Autograph letter signed

Mark TWAIN   |   Mary Baker EDDY

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Item#: 114067 price:$8,000.00

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"MY IRREVERENCE & DISRESPECT ARE PRETTY EXCLUSIVELY FOR HER, NOT FOR HER FLOCK. I BELIEVE THE FLOCK TO BE HONEST & SINCERE, & THAT SHE IS NEITHER": EXTRAORDINARY AUTOGRAPH LETTER BY MARK TWAIN IN WHICH HE REJECTS THE IDEA OF CORRECTING HIS NEGATIVE STATEMENTS ON CHRISTIAN SCIENCE FOUNDER MARY BAKER EDDY, WRITTEN, SIGNED, AND INITIALED ENTIRELY IN TWAIN'S OWN HAND

TWAIN, Mark. Autograph letter signed. Riverdale, New York, December 5, 1902. Two unlined sheets of paper, each measuring 5-3/4 by 9 inches; pp. 2. $8000.

Fascinating autograph letter written entirely in Mark Twain's hand to the New York leader of Christian Science's Committee on Publication, William McCrackan, concerning his attempt to get Twain to recant his statements on Christian Science founder Mary Baker Eddy and Twain's firm rejection of any possibility of that happening, signed and initialed by Twain.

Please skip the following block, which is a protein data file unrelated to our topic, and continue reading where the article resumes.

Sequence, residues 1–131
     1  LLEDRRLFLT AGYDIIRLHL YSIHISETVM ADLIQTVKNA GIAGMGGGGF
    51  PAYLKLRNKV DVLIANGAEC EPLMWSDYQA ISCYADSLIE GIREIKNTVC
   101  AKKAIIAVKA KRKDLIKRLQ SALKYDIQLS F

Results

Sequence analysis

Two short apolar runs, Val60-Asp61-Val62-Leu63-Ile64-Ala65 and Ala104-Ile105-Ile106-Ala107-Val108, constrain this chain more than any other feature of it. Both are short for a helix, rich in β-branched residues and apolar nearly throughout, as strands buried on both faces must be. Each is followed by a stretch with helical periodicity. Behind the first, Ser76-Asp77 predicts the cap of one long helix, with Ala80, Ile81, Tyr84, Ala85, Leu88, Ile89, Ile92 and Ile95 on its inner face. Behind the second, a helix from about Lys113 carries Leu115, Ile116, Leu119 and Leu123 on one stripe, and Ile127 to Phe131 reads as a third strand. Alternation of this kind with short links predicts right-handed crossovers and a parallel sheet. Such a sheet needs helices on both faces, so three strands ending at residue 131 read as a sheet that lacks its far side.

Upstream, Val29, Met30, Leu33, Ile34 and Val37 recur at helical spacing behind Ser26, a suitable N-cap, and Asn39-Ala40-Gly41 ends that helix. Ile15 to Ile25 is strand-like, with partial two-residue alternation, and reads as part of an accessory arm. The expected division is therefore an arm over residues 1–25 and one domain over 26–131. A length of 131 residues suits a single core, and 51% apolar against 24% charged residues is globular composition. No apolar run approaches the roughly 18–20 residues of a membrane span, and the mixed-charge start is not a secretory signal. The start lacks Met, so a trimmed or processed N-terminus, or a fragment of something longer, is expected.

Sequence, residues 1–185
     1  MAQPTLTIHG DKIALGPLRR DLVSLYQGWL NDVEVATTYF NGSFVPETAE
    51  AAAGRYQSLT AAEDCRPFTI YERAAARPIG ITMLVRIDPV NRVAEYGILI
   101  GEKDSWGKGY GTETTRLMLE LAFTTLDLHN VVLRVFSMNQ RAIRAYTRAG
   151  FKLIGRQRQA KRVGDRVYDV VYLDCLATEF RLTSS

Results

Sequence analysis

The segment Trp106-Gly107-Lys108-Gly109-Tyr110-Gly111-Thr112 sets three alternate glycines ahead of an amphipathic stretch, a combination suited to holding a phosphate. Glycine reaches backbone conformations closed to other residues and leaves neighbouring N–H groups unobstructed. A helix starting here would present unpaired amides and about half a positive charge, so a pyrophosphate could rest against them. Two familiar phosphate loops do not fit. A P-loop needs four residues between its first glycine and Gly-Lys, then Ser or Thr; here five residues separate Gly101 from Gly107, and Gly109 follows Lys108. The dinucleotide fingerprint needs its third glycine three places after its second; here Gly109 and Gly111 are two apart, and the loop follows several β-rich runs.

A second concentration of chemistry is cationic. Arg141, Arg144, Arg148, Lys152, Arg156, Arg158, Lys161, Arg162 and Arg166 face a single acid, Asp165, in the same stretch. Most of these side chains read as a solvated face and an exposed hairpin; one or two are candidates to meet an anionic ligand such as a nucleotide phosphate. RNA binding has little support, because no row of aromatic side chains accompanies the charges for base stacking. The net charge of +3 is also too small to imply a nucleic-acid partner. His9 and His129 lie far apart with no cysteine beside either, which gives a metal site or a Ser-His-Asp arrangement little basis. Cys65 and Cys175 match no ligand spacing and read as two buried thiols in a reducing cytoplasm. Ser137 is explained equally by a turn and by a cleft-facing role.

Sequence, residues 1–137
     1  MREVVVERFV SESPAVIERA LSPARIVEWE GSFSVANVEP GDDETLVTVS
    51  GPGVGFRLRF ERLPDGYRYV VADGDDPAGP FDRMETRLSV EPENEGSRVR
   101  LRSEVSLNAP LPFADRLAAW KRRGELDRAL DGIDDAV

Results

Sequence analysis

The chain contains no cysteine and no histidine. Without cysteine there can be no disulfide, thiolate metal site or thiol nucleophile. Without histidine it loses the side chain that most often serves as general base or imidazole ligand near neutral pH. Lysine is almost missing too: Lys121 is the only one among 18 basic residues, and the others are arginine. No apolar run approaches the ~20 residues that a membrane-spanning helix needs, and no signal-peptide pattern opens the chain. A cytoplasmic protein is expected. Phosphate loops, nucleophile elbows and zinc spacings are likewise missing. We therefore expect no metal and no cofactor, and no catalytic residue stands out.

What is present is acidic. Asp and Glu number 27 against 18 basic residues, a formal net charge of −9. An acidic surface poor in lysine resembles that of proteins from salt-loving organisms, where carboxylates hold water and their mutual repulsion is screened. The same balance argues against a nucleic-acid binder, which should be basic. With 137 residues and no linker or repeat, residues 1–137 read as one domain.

The letter, written entirely in Twain's hand to Christian Science author William McCrackan and dated "Riverdale, Dec. 5/02," reads, in full: "Dear Sir: I am glad to have the book & the other printed matter, & I thank you. But as helps in 'verifying or correcting statements of fact' in my articles they will not be of service to me. I have made no statements of fact that require that sort of doctoring. Now that you are going to write an article—& that is certainly the best course—I will leave all the correcting to you. I suppose you will 'correct' by assertion—as you did in the MS which you left here yesterday. It is the easiest way. The book which I am going to publish will be set up and printed in February. It is not a book on Xn Science—that is only a part of it; it will contain matter on various subjects—stories, essays, etc. If your article shall turn out to be very brief, I shall hope to get it in, but not otherwise, for there is not going to be much room to spare; particularly if I should conclude to finish my series with a Portrait of Mrs. Eddy 'drawn with her own pen'—a thing which I want to do if I find the time; for my irreverence & disrespect are pretty exclusively for her, not for her flock. I believe the flock to be honest & sincere, & that she is neither. If I have room for your article, I will put it in. Yours very truly, S.L. Clemens. I am suggesting to Munro that he get your article into the Feb number—otherwise, short or long, it might be too late for my book. P.S. In the meantime, can you send me 'Retrospection & Introspection?' SLC." This letter was written to William McCrackan, who headed the New York contingent of Christian Science's Committee on Publication. It appears to have been written in response to a complaint about Twain's article in the December 1902 issue of North American Review (with a follow-up article in 1903), in which Twain criticized Christian Science. Twain's polemics against the movement dated back to 1899, when he published his first piece on Christian Science in Cosmopolitan. In attacking the Christian Scientists—specifically Mary Baker Eddy—Twain was going up against a formidable movement. In 1901, there were 485 Church of Christ, Scientist churches in the United States making it the fastest growing religion of its time. Twain even called Mary Baker Eddy a "shameless old swindler," viewing Christian Science as a cash-grab and a cult of personality. Throughout this period, McCrackan—an author in addition to his official role within the Church—maintained a well-established correspondence with Twain. Although their initially rocky relationship grew warmer over time, Twain was never able to reconcile the idea that McCrackan could be both a good person and a follower of Mary Baker Eddy. For his part, McCrackan was always, in the end, loyal to Eddy's church. In fact, he wrote a furious critique of Twain's articles and secured publication in the North American Review. His constant arguments about the validity of Christian Science were unsuccessful in altering Twain's perspective. However, public support was not entirely behind Twain. As the letter discusses, Twain was anticipating a 1903 publication date for his book on Christian Science. That book proved to be the target of the first successful censorship campaign waged by the Church of Christ, Scientist. While Harper & Brothers advertised and took orders for the book, they withdrew it under pressure. It would not be released until 1909, during a period of public antipathy against the movement. See Caroline Frasier, God's Perfect Child: Living and Dying in the Christian Science Church.

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